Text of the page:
Lance Armstrong gave his fans a show today. The American veteran was part of a high-powered break that got away from the peloton about two miles into today’s 124-mile climbing stage and, eventually reduced to just eight men, stayed away until the finish.
A stage win wasn’t in the cards for Armstrong, however, as Frenchman Pierrick Fedrigo won the final sprint. Armstrong finished in sixth place, with the same time as Fedrigo and nearly seven minutes ahead of the main peloton, which contained yellow-jersey wearer Alberto Contador and Andy Schleck, who trails Contador by just eight seconds in the overall standings. (Full standings.)
Today’s ride through the Pyrenees was a monster. It took in four categorized climbs, including two Category 1 climbs and trips up the beyond-category slopes of the Tourmalet and the Aubisque. It was probably Armstrong’s last chance for a stage win in this year’s Tour, and though he comes away empty-handed, he can take comfort in the fact that he was able to spend the entire today’s stage at the sharp end of a very difficult day in the mountains.
Contador, of course, was riding in yellow after taking over at the top of the overall standings following his controversial attack in yesterday’s stage. The Spaniard attacked Schleck, his main rival in this Tour, just as the latter suffered a mechanical failure when his chain came off.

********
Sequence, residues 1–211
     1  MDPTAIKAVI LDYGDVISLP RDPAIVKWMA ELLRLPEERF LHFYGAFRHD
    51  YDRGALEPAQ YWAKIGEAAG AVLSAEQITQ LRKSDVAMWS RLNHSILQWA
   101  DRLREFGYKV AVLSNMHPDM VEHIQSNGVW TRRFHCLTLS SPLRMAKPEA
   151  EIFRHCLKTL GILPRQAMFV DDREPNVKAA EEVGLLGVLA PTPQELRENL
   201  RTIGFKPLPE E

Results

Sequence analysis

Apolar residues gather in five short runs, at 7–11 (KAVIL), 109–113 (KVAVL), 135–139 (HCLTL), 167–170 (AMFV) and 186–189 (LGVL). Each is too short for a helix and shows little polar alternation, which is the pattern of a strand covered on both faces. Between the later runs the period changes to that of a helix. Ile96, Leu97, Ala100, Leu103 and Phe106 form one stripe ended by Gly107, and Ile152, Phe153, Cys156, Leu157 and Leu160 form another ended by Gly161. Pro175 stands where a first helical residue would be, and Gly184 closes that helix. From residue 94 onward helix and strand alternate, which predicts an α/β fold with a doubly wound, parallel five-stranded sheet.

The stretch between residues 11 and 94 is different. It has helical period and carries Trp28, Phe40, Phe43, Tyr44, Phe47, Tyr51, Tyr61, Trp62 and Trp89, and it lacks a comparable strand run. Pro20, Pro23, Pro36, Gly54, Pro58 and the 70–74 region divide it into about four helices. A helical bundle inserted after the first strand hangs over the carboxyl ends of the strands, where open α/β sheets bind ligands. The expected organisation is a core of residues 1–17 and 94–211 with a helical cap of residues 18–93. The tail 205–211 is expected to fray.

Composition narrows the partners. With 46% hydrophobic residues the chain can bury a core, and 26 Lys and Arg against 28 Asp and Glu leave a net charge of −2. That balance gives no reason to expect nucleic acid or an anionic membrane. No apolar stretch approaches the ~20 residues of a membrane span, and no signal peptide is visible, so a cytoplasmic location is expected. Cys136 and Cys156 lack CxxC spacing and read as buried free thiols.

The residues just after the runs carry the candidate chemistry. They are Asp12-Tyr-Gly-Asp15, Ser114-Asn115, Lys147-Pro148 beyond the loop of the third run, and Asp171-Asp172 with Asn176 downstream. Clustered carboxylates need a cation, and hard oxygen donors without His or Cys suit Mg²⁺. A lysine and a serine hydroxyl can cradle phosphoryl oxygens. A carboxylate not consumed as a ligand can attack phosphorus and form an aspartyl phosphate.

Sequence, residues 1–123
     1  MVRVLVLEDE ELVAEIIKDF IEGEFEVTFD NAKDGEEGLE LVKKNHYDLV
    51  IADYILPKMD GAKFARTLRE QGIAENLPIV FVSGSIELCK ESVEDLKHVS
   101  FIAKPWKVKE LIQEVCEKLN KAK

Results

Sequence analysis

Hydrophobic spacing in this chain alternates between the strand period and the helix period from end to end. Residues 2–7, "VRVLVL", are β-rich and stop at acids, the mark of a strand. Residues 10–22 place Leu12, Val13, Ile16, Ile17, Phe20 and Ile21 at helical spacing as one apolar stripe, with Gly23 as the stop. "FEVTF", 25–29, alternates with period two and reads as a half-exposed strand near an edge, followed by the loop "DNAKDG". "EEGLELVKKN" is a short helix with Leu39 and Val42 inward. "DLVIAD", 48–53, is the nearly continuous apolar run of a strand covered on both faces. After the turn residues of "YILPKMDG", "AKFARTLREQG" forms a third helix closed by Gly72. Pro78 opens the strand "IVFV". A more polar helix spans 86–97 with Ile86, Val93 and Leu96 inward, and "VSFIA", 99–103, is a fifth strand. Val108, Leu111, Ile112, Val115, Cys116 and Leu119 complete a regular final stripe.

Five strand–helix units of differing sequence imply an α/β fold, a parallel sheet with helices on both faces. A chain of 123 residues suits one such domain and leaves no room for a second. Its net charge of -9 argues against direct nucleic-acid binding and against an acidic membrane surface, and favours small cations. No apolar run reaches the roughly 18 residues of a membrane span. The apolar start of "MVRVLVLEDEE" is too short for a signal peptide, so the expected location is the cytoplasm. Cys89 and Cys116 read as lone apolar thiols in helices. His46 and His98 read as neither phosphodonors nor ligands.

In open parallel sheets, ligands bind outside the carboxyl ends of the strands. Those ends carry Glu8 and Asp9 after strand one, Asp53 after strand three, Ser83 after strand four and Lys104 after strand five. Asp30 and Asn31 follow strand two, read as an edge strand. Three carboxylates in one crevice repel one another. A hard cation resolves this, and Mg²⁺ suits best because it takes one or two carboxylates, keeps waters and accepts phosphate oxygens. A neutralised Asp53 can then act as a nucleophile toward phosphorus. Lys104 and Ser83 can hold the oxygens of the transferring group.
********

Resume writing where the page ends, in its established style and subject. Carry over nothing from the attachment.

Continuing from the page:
There is an unwritten rule in the Tour that says it is poor sportsmanship to attack a fellow contender when he has crashed or suffered mechanical issues, or is otherwise held up by anything other than his own physical abilities. The boos from the crowd as he pulled on the yellow jersey yesterday let Contador know what the fans thought of his move, though he later said he was unaware that Schleck’s chain had come off.
Regardless, the two seemed to have called a truce today and finished together in the main bunch. Following tomorrow’s second rest day, there will be only two more opportunities for either of them to take time out of each other or any of the other contenders—Thursday’s final climbing stage and Saturday’s 32-mile time trial on the Tour’s penultimate day.
It’s no secret that Contador is a vastly superior time-trialist to Schleck. So the latter’s only chance to win this Tour will be to launch the attack of his career on Thursday, when the route takes the riders up the monstrous Tourmalet for a second time. Only this time it will be with a summit finish, making it a day for pure climbers like Schleck, who, it should be noted, has shown that he is possibly better in the mountains this year than Contador. It should be an explosive day.